7.6.08

Mick Imlah: The Lost Leader


His first collection of poems in twenty years (since the acclaimed Birthmarks in 1988), and Mick Imlah's new Faber volume, The Lost Leader, is sure to be one of the most significant poetry books published this year. In this weekend's Guardian, Peter McDonald reviews it.

8 comments:

Background Artist said...

Not just this yr willie, but one of the most significant volumes to appear in the coming century.


Imlah is in a position similar to Samuel Sidney McClure from the North of Ireland (antrim), who was born ninety nine yrs afore the Aberdeen magus.

...whatsit the one who wrote the bios and admitted all he had in the poetry dept was 50, after 40 yrs or so, and maybe Imlah's like this.


Anyways McClure did with novelists, what Pound and Eliot did in England and Italy, but who unlike Pound and Eliot, straddles the divide of the 19 and 20th centuries, as Yeats.

He was a fully functioning living titan who (with a business partner Frank Nelson Doubleday) is a founding father of the Doubleday press, and his place in the history of contemporary American journalism and letters, just one small calibration and cog in that great American tradition, alas, few of us duffers straddle, innit?


And i know the author of this blog is a (huge) supporter of Simon A, but my own stance, (as far as one can actually take Si seriously) is the *arm It age* is over and the disciples of this adept who have materially and spiritually benefited from imitating him; are few and far between, except for one or two of the early fawns bummie chums, what, what old bean B!!?

Anway, McClure was huge behind the scenes, of assisting others whose talent he fearlessly believed in and McClure on his career as a publisher alone, rests.


Mick is different, as he is (burdened?) whilst not as major in the publishing world as McClure; in the poetry world, is. So it's oranges and snakes really, but still, Imlah's book, who knows, but the obvious question is...


....can he do what the last Scottish lion did who took over Fitzrovia HQ and whose career is shaped as much by the soho arms, as grogans and northern south westers in the Butck 'ith Vine whose own stock of verse

Doubleday was set up by McClure and Doubleday, half his imprimatur, as Jane Holland and others have their own, as todd and chris and all of us, now fighting over a different concept of presence, place and Poetry.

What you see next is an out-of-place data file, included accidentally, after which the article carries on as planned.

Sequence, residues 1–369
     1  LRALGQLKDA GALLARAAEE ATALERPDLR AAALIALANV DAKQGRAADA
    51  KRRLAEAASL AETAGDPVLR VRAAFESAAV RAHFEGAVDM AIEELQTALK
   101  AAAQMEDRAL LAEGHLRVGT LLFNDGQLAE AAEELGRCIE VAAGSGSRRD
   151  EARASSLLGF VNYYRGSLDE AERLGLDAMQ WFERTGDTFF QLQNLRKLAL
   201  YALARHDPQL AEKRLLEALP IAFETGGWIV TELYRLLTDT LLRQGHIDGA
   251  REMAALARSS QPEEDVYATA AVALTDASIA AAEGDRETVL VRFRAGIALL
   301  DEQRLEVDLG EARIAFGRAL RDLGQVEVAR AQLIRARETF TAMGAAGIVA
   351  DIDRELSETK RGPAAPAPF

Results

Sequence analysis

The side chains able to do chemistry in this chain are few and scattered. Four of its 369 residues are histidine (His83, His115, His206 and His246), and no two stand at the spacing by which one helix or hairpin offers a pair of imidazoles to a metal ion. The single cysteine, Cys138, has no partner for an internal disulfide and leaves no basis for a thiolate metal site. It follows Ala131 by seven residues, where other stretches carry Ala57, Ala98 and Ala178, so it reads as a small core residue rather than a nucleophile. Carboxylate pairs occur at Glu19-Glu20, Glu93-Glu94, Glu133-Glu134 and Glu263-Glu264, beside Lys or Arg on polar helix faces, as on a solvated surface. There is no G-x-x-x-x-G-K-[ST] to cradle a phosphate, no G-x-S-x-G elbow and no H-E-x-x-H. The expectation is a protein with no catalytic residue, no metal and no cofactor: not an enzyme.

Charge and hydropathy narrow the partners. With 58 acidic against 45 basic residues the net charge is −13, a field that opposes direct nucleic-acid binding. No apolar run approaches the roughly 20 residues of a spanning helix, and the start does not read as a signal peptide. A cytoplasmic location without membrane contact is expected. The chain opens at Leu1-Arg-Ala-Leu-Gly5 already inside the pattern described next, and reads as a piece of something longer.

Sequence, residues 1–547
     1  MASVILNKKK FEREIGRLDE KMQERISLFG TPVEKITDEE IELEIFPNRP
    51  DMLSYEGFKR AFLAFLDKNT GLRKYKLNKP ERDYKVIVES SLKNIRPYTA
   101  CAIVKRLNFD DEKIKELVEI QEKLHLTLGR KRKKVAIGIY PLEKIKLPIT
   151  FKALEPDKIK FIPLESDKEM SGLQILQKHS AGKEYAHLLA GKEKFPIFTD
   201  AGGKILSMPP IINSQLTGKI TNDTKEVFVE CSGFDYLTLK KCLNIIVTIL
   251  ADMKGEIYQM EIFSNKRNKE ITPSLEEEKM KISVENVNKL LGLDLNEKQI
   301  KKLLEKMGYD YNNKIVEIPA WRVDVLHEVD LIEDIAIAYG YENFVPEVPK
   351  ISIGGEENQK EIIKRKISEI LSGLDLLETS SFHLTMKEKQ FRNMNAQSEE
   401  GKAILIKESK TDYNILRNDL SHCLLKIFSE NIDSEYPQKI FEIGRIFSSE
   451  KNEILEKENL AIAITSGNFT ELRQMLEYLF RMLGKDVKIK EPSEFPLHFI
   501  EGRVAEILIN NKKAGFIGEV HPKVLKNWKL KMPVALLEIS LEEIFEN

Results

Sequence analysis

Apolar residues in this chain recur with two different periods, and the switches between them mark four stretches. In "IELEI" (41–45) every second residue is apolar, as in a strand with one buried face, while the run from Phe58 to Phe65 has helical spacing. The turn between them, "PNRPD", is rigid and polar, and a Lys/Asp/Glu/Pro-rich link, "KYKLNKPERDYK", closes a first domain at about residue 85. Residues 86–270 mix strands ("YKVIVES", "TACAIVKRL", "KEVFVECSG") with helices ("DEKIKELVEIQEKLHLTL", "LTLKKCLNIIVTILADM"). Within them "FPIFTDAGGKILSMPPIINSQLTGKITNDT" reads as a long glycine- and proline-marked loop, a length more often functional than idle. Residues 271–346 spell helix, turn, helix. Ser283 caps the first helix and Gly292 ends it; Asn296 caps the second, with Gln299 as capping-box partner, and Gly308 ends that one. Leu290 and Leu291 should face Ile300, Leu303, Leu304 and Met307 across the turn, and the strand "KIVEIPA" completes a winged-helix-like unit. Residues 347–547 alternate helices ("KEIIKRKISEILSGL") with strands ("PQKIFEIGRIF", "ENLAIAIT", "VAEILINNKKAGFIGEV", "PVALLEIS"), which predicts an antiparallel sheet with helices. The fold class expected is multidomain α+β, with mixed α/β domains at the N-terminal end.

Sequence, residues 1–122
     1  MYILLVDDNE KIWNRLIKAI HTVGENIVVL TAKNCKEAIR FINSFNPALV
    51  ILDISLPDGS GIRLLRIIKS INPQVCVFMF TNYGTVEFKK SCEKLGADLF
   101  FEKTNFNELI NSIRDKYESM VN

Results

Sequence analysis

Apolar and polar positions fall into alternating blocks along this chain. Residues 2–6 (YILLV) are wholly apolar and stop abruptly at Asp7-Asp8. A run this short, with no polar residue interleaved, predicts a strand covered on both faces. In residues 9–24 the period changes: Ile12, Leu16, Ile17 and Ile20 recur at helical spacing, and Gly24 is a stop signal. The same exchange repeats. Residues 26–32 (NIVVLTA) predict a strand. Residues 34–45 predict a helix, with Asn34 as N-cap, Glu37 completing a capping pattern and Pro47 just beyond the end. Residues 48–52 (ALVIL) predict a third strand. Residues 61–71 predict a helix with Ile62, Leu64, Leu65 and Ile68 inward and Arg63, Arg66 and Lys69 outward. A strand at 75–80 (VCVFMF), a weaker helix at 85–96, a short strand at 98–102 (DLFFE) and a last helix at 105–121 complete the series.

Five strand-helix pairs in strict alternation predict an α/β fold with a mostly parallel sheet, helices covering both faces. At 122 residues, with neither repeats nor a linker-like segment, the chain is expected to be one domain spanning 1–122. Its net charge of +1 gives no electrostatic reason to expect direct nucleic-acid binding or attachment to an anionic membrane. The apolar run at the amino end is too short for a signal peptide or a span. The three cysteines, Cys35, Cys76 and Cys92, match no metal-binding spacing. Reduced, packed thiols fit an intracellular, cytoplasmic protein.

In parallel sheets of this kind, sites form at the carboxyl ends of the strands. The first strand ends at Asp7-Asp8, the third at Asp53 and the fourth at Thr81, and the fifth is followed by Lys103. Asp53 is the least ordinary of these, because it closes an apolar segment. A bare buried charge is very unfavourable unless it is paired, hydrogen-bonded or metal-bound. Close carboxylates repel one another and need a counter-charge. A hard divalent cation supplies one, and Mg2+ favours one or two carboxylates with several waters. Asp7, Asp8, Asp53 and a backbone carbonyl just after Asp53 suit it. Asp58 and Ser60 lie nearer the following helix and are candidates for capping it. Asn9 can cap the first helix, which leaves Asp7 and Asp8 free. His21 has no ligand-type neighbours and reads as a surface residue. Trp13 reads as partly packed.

Poetically befitting that the literate energies of a publisher and writer from Europe, unleashed the lions of the flapper age F.S Fitzgerald; Hemmingway.

The mag that really made it happen though came when he merged his 200,000 monthly McClures Magazine, with the main rival The Smart Set, ts smart, smarter, smartest yet, this titan..

And then of course, Atlantic Monthly, and the top brass one of the lot The New Yorker.

get in the tribe of arm it age is over, sing and beg for a suit from the pauline pentecostal measure of fifty fifty straight odds...we are all the same, love and peace ben, i love you very much, and want you to come and work for me, at home in ledbury in a few weeks, i'm afraid..xxx

Cailleach said...

Looks very interesting Ben - thanks!

Ben Wilkinson said...

Hi, Barbara, it certainly does – I’m looking forward to reading it.

BA, thanks for your post – though I’m bewildered that you feel sure enough in 2008 to claim that Imlah’s book will be ‘one of the most significant volumes to appear in the coming century’. However, I do agree that the tides are slowly turning in contemporary poetry (and have been for a while), away from (and as a development of) the New Plain Style popularised by the likes of Armitage and Duffy. And yes, I am a fan of Armitage’s poetry (the critical perspective I wrote on his work being an amalgam of my opinions and his wider critical reception) but not to the extent that I'm held ransom to his poetic - if you read my work I'm sure you could tease the influence of Armitage out of it (you can bend plenty of poetry to fit that sort of agenda, as some reviewers insist on doing), but he’s one of a number who’ve had an impact on the way I write.